Tuesday, March 28, 2006

Sleep-Deprived Teens Pose Safety Hazard

Children who do not get enough sleep are not functioning properly. They doze off in class, trying to get homework, and even drive drowsy. A clinical psychologist with the Henry Ford Sleep Center in Detroit says that 20% of children are getting optimal sleep, and about 50% of the children are getting insufficient sleep.

Children who are deprived of sufficient sleep are more likely to be depressed, to get bad grades, and they will not be good drivers.

Society is more the culprit than the children. Children stay up late, yet have to wake up very early in order to get to school in time. Most kids are more alert at night, and tend to wake up later in the morning. Yet, when they are in school, they are unable to get the needed rest with that schedule. Also, electronics have invaded their lives, including the bedroom. These things, such as the cell phone, televisions, and computers cause children to stay up longer, since they are in the bedroom where they would ordinarly go just to sleep. Perhaps it is time to get back to only a bed being in the bedroom!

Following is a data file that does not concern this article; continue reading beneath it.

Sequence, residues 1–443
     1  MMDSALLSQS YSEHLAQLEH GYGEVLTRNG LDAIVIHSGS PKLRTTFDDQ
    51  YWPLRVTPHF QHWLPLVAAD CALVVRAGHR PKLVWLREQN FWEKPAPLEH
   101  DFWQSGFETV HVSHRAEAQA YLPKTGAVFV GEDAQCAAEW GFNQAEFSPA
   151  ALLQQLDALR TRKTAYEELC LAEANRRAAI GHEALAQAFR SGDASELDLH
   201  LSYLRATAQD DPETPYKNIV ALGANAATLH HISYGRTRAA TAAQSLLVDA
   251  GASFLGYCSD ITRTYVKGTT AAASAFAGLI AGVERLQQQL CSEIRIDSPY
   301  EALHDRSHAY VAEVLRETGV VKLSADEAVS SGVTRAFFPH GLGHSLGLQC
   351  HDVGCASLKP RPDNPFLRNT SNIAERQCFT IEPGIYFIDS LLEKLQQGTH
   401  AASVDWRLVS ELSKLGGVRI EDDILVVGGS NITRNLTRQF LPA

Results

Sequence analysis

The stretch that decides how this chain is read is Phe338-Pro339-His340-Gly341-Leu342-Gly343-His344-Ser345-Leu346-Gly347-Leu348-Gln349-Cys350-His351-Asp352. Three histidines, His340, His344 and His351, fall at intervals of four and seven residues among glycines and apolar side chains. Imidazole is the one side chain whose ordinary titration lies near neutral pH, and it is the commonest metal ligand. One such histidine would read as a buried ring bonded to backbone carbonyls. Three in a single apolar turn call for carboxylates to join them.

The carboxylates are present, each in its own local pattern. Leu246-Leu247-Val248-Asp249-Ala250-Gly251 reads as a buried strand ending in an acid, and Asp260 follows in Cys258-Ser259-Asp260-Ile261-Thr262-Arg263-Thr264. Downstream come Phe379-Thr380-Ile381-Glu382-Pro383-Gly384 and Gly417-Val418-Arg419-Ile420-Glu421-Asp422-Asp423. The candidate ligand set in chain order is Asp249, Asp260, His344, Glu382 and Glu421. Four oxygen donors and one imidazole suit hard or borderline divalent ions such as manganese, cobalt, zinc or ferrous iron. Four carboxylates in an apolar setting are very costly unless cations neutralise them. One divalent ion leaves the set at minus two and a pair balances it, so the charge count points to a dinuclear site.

• At least once a week, 28 percent of high-schoolers fall asleep in school, 22 percent fall sleep while doing homework and 14 percent get to school late or miss school because they overslept.
  • During the past year, 51 percent of adolescents have driven while drowsy. Some 15 percent of drivers in grades 10 to 12 drive drowsy at least once a week.
  • More than one quarter (28 percent) of adolescents say they're too fatigued to exercise.
  • Most parents (90 percent) thought their kids were getting enough sleep time.

Parents should be watching their children more closely to make sure they get the needed rest. They would do good to take electronics from the teens in their bedrooms. Also, caffeine is harmful to teens, in that it deters sleep. Most teenagers have caffeine during the day and at night, with their meals. And, with better supervision, this could all be avoided.

Linked at Conservative Cat

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